Microbial life in extremely hot environments gas urban dictionary

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Grand Prismatic, located in the Midway Geyser Basin of Yellowstone National Park, is the largest hot spring in the park and the third largest in the world. Only hyperthermophilic bacteria and archaea are able to live in the nearly boiling water of this hot spring. Extensive orange and brown microbial mats radiate from the pool. NPS photo taken by J. Schmidt courtesy of the Yellowstone Digital Slide File.

All thermophiles require a hot water environment, but some thrive in more than one extreme, such as those with high levels of sulfur or calcium carbonate, acidic water, or alkaline springs. What enables an organism to thrive in habitats where the temperature is sometimes as hot as 140 degrees C (284 degrees F)? Regardless of varying environmental conditions, the ability of thermophiles to thrive in extremely hot environments lies in extremozymes, enzymes geared to work in extremely high temperatures. The amino acids of these extremozymes have special tricks to retain their twisted and folded 3D structures in high heat, where other enzymes would unfold and no longer work.

Soon after their discovery, the heat-stable enzymes of thermophiles proved to be very important to the field of biotechnology ( This site may be offline.) . For example, two thermophilic species Thermus aquaticus and Thermococcus litoralis are used as sources of the enzyme DNA polymerase, for the polymerase chain reaction (PCR) in DNA fingerprinting. As thermophiles have become increasingly important in biotechnological research, the number of bioprospecting groups searching for useful organic compounds in nature have dramatically increased as well. Consequently, concerns over preservation of biodiversity and natural resources as well as profitting research results have given way to benefits-sharing agreements ( more info) , such as the Cooperative Research and Development Agreement between Yellowstone National Park and the Diversa Corporation.

Grand Prismatic, located in the Midway Geyser Basin of Yellowstone National Park, is the largest hot spring in the park and the third largest in the world. Only hyperthermophilic bacteria and archaea are able to live in the nearly boiling water of this hot spring. Extensive orange and brown microbial mats radiate from the pool. NPS photo taken by J. Schmidt courtesy of the Yellowstone Digital Slide File.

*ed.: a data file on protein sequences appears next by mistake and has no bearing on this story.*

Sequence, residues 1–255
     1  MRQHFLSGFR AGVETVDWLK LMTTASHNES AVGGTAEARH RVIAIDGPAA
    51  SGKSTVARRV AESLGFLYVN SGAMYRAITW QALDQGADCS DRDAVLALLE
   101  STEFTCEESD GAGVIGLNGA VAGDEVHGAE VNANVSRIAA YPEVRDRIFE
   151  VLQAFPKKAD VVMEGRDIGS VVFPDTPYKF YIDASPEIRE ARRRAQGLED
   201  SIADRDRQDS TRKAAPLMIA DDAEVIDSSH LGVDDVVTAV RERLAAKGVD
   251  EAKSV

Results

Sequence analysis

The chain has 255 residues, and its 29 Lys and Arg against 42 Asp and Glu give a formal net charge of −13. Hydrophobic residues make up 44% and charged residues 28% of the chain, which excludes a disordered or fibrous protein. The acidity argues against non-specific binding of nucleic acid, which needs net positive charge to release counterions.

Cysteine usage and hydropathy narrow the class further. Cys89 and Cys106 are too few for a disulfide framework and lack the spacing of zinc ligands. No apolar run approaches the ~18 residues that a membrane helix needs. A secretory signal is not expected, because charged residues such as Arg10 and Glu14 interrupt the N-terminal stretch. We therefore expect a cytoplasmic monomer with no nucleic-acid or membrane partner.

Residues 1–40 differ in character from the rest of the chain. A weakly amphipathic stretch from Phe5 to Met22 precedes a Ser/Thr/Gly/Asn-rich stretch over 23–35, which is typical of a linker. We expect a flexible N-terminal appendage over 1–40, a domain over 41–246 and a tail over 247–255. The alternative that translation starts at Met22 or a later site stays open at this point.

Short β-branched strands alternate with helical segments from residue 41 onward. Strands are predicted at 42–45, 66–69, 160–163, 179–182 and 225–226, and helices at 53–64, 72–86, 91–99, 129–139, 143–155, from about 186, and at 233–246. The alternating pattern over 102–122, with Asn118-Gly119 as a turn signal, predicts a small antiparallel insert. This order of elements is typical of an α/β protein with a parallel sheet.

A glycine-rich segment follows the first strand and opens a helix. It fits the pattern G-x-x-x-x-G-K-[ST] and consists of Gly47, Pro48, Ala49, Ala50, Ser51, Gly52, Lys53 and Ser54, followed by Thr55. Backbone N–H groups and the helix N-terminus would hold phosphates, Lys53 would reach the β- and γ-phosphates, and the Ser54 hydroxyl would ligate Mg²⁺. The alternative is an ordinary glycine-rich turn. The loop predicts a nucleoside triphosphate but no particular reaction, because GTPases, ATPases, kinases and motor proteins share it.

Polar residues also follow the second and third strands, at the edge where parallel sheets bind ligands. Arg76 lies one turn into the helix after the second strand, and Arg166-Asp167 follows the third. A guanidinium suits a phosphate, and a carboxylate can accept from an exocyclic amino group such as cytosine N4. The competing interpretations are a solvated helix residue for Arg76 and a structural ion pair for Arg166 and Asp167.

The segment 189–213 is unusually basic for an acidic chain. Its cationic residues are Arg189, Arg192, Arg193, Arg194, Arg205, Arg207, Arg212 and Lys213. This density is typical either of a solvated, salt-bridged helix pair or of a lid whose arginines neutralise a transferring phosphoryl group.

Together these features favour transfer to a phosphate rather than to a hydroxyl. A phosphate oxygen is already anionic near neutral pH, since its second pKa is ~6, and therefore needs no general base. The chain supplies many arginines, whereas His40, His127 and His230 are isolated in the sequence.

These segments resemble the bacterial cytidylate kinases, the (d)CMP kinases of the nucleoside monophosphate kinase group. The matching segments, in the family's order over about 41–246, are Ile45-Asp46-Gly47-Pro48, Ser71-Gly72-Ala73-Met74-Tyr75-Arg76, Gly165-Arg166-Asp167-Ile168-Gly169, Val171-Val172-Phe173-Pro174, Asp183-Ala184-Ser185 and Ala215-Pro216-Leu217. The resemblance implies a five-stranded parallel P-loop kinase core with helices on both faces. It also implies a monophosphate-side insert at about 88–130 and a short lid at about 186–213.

All thermophiles require a hot water environment, but some thrive in more than one extreme, such as those with high levels of sulfur or calcium carbonate, acidic water, or alkaline springs. What enables an organism to thrive in habitats where the temperature is sometimes as hot as 140 degrees C (284 degrees F)? Regardless of varying environmental conditions, the ability of thermophiles to thrive in extremely hot environments lies in extremozymes, enzymes geared to work in extremely high temperatures. The amino acids of these extremozymes have special tricks to retain their twisted and folded 3D structures in high heat, where other enzymes would unfold and no longer work.

Soon after their discovery, the heat-stable enzymes of thermophiles proved to be very important to the field of biotechnology ( This site may be offline.) . For example, two thermophilic species Thermus aquaticus and Thermococcus litoralis are used as sources of the enzyme DNA polymerase, for the polymerase chain reaction (PCR) in DNA fingerprinting. As thermophiles have become increasingly important in biotechnological research, the number of bioprospecting groups searching for useful organic compounds in nature have dramatically increased as well. Consequently, concerns over preservation of biodiversity and natural resources as well as profitting research results have given way to benefits-sharing agreements ( more info) , such as the Cooperative Research and Development Agreement between Yellowstone National Park and the Diversa Corporation.